Maryland Plaintiff Argues for a New Trial in Personal Injury Case

To establish a personal injury claim, the plaintiff must prove each element of the cause of action.  In a January 19, 2021, Maryland car accident case, the only element at issue was the matter of damages suffered by the plaintiff.  Although the defendant had admitted his negligence in causing the collision, the plaintiff was nevertheless required to prove her injuries and damages flowing from the accident.  After the jury returned a verdict for the plaintiff but awarded no damages, the plaintiff appealed, and the matter came before the Court of Special Appeals of Maryland.

The plaintiff in the case was stopped at an intersection when the defendant collided into the rear of her vehicle.  The defendant admitted that he had taken his eyes off the road and apologized to the plaintiff.  The plaintiff did not seek medical attention at the time of the accident.  The next morning, however, the plaintiff felt that her body was starting to stiffen up.  She went to see an orthopedic surgeon who had previously treated her for a neck condition.  Her surgeon concluded that the plaintiff’s injuries were consistent with whiplash.  Over the next two years, the plaintiff continued to seek medical treatment for cervical and lumbar strains.

At trial, the sole issue was the amount of damages, if any, suffered by the plaintiff.  The plaintiff presented witness testimony from her doctors and parents.  She did not introduce any of her medical bills into evidence, relying purely on testimony to establish her damages.  After a brief deliberation, the jury returned a verdict awarding the plaintiff zero damages.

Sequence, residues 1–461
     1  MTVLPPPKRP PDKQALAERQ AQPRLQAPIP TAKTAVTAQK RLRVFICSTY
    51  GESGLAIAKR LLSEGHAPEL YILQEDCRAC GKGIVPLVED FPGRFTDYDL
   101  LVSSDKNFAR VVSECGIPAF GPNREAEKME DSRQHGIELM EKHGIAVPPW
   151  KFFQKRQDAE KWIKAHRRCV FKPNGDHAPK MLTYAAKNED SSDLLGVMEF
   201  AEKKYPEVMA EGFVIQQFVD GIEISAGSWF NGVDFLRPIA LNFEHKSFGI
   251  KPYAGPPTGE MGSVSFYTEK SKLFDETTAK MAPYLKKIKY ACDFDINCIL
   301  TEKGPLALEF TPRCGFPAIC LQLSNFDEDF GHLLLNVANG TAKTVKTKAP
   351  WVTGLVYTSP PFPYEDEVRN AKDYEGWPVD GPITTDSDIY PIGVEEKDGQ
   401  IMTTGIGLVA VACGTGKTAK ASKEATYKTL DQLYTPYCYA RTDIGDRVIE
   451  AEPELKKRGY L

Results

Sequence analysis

On appeal, the plaintiff asserted that the zero-dollar verdict was inconsistent with the uncontroverted evidence of her injuries presented at trial.  She further argued that the lower court erred by failing to grant her motion to revise through additur or grant her a new trial.

Additur is a court order that increases the jury’s award of damages to avoid a new trial on the grounds of inadequate damages.  The appeals court held that, insofar as Maryland has never explicitly adopted the use of additur, the lower court did not err in denying the motion.

The appeals court went on to explain that, even in a case where there is evidence that the plaintiff experienced pain, the jury may still reject testimony supporting a claim for damages.  The court noted that the plaintiff had testified she felt no pain at the time of the accident and presented no medical records showing an injury.  The court further stated that, under the circumstances, the jury was free to disbelieve the evidence presented.  Finding no error by the trial court’s denial of a new trial, the appeals court affirmed the verdict.

If you have been injured as a result of negligence, you may be able to recover your medical expenses and other damages.  At Foran & Foran, P.A., our accident lawyers can represent people in personal injury claims arising from automobile collisions, medical negligence, slip and fall injuries, and other accidents.  Request a consultation with one of our injury attorneys by calling (301) 441-2022 or contacting us online.

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